When I got back to my apartment, my girlfriend was just about finished getting my record collection onto "higher ground" - that is, off the floor where several inches of water would soon be standing. The smell of smoke was now strong on the 3rd floor, and I knew it was time to leave. I looked at my extensive collection of R. Crumb Comic books - a collection that would now be worth a pretty penny - but there wasn't time. (The records survive to this day, the Comics, alas, did not.)

We locked the door, and went down the stairs. When we got to the 2nd floor, we were met with Firemen running up the stairs, dragging the hoses along with them. As welcome a site as you would want to see under the circumstances. I distinctly remember thinking, "We're running away from the fire, and they're going up to meet it."

The tenants of the building eventually had one last good-bye, and legal strategy, meeting in a neighbor's almost intact 1st floor apartment - the building was eventually torn down. We all signed on to sue the landlord for not adequately securing the empty apartment, and talked about the "fire", our lives, and the future.

Several people at that meeting suggested that what I did that night was brave, but I couldn't, and still don't, agree. I argued that I simply did what had to be done, that I didn't think about it, and I thought that any of them, in the same circumstances, would have done the same thing. And I still think that is true.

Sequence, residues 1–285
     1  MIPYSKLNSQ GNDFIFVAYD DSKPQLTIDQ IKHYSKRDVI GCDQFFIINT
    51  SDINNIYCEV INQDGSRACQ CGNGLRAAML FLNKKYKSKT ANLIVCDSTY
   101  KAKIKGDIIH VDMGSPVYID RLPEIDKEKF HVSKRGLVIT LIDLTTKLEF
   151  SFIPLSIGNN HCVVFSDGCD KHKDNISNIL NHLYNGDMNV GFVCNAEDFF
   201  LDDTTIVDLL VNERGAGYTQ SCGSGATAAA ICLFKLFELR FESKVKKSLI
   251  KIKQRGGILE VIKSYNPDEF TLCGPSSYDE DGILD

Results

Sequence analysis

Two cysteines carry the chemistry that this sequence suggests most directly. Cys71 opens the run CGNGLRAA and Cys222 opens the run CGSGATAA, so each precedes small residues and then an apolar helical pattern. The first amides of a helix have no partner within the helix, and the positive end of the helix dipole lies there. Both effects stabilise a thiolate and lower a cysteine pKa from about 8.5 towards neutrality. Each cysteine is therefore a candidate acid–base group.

You see, to me the real act of bravery, of heroism, is the conscious, deliberate decision to embark on a course of action that carries a significant risk of physical to oneself in doing so, and deciding to take that risk. So what of the Firemen who were rushing up the stairs to meet the fire as we were rushing away from it?

They would most likely tell you that they were just doing their job - but there is the difference. They deliberately chose to do the job. They are fully aware that each time they enter a burning building, that things could go horribly, and tragically wrong. When they visit an injured colleague in the hospital, or attend a funeral for one of their fallen brethren, they are reminded anew that the next time it could be them. And yet they continue to run into burning buildings, just doing their job.